Thursday, August 28, 2014

Find FIM Approval Actions

We recently had to move the FIM Service to a new computer.  FIM Approval objects are stamped with an EndpointAddress, which is constructed with details from the FIM Service configuration file (Microsoft.ResourceManagement.Service.exe.config).  If care is not taken with the configuration file, then pending Approval objects from before the move will not be actionable (users will not be able to approve/deny).

To check that Approvals are working, you can use an XPath query looking for Approvals created before the server move and Requests targeting those Approvals after the server move.  The query looks like this:




### Find Approvals acted on since a certain date


Export-FimConfig -OnlyBaseResources -Custom "/Request


    TargetObjectType = 'Approval'


    CreatedTime >= '2014-08-27T23:00:00'



    CreatedTime <= '2014-08-27T23:00:00'




That query will return the Approval objects, so you will be able to determine what action the user took, and if there were issues.

To output the Request objects instead of the Approval objects, use this filter:





    TargetObjectType = 'Approval'


    CreatedTime >= '2014-08-27T23:15:00'


    Target = /Approval


        CreatedTime <= '2014-08-27T23:15:00'







Tuesday, August 19, 2014

Testing the FIM Service Ports

Recently I was debugging FIM client application communicating with the FIM Service web service endpoints.  There is a cmdlet in PowerShell 4.0 that makes quick work of this, Test-NetConnection.

Here’s how to use it to test if FIM is responding:

Test-NetConnection -ComputerName myFimServer -Port 5725 -InformationLevel Detailed

Test-NetConnection -ComputerName myFimServer -Port 5726 -InformationLevel Detailed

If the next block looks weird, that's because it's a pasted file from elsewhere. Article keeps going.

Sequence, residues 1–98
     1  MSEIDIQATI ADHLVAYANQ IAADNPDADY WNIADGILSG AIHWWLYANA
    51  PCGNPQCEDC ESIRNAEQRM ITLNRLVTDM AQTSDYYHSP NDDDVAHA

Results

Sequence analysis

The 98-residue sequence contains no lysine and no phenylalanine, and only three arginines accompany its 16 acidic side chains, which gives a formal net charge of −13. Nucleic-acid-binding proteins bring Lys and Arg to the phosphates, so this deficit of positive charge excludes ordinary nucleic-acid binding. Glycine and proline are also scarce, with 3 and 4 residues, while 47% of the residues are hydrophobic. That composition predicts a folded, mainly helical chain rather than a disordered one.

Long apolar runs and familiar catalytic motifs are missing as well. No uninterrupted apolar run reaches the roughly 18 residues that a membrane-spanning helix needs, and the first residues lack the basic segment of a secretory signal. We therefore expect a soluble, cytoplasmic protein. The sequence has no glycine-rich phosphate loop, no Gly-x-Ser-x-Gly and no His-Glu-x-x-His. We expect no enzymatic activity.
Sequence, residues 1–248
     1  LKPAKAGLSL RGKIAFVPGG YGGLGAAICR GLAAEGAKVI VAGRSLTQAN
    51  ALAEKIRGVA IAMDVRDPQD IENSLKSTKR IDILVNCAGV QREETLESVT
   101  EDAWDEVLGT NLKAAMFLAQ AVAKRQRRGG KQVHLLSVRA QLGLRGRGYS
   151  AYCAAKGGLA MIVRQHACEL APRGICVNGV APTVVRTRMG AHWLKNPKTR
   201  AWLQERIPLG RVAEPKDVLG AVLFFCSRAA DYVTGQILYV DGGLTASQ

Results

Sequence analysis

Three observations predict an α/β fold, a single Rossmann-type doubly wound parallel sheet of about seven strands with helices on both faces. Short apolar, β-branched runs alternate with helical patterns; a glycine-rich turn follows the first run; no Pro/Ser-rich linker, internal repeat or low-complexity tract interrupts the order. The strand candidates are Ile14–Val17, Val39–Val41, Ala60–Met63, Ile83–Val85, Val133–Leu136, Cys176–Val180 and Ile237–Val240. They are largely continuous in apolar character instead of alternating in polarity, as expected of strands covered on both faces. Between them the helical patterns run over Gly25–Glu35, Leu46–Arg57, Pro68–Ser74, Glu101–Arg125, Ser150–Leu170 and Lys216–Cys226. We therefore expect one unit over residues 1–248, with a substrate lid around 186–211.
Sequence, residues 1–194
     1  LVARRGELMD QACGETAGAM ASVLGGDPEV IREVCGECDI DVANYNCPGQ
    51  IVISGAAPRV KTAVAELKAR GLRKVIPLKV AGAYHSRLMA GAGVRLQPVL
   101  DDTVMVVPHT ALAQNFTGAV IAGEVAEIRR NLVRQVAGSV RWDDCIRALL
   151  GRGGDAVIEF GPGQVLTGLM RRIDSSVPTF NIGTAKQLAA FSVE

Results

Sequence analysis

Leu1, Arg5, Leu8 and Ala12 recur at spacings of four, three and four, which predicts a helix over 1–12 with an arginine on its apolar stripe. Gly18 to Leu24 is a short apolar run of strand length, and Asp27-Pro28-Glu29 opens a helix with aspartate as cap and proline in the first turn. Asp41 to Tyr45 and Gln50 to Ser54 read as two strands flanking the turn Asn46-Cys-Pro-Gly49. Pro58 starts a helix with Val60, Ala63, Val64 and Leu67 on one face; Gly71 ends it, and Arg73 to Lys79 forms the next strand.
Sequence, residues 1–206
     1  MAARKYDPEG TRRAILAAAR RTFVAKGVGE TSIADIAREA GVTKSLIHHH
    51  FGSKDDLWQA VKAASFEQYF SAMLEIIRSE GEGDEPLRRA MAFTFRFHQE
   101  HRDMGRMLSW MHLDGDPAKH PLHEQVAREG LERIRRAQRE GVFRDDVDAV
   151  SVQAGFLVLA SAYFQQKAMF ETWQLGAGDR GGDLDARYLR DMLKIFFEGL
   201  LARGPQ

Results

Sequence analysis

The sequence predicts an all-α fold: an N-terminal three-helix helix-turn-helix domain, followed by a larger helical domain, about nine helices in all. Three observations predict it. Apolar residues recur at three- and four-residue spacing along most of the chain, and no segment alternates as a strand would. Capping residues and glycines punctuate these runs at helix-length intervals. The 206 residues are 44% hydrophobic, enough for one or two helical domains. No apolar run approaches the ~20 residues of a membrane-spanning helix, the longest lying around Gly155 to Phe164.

That’s it.  That cmdlet does its job quite well an will tell you if the FIM Service is responding on its web service endpoint ports.

Wednesday, August 13, 2014

Generating Custom Resources for PowerShell Desired State Configuration

Creating an initial custom DSC resource is well documented on TechNet but it can be tedious if you have to do a lot of them.  Tooling is available to help automate this:

Resource Designer Tool – A walkthrough writing a DSC resource

Here’s a sample for using the Resource Designer Tool:

New-xDscResource -Name cFimService_ManagementPolicyRule -Property @(

    ### General

    New-xDscResourceProperty -Name DisplayName -Type String -Attribute Key

    New-xDscResourceProperty -Name Description -Type String -Attribute Write

    New-xDscResourceProperty -Name Enabled -Type Boolean -Attribute Write

    ### Requestors and Operations

    New-xDscResourceProperty -Name RequestorSet -Type String -Attribute Write

    New-xDscResourceProperty -Name RelativeToResourceAttributeName -Type String -Attribute Write

    New-xDscResourceProperty -Name RequestType -Type String[] -Attribute Write

    New-xDscResourceProperty -Name GrantPermission -Type Boolean -Attribute Write

    New-xDscResourceProperty -Name TransitionIn -Type Boolean -Attribute Write

    New-xDscResourceProperty -Name TransitionOut -Type Boolean -Attribute Write

    New-xDscResourceProperty -Name Request -Type Boolean -Attribute Write

    ### Target Resources

    New-xDscResourceProperty -Name ResourceSetBeforeRequest -Type String -Attribute Write

    New-xDscResourceProperty -Name ResourceSetAfterRequest -Type String -Attribute Write

    New-xDscResourceProperty -Name ResourceAttributeNames -Type String[] -Attribute Write

    ### Policy Workflows

    New-xDscResourceProperty -Name AuthenticationWorkflowDefinition -Type String[] -Attribute Write

    New-xDscResourceProperty -Name AuthorizationWorkflowDefinition -Type String[] -Attribute Write

    New-xDscResourceProperty -Name ActionWorkflowDefinition -Type String[] -Attribute Write

    ### Common FIM DSc Properties

    New-xDscResourceProperty -Name Credential -Type PSCredential -Attribute Write

    New-xDscResourceProperty -Name Ensure -Type String -Attribute Write -ValidateSet "Present", "Absent"

)  -Path 'C:\Program Files\WindowsPowerShell\Modules\FimPowerShellModule'   


When the command runs it generates the MOF file, and also the .PSM1 file complete with all the parameters to match the schema you’ve specified.  Pretty handy.

I got a little carried away once I got comfortable with the tool, and started to generate custom DSC resources for all sorts of things.  One experiment I did was to create a FIM DSC Resource that was generic and included every attribute in the FIM Service schema (there were 236 attributes).  This would have been very handy if it’d worked, but instead I found a limit to the MOF file size.  It might be a bug, but it feels like a gentle nudge towards better DSC resource design (use less attributes per resource).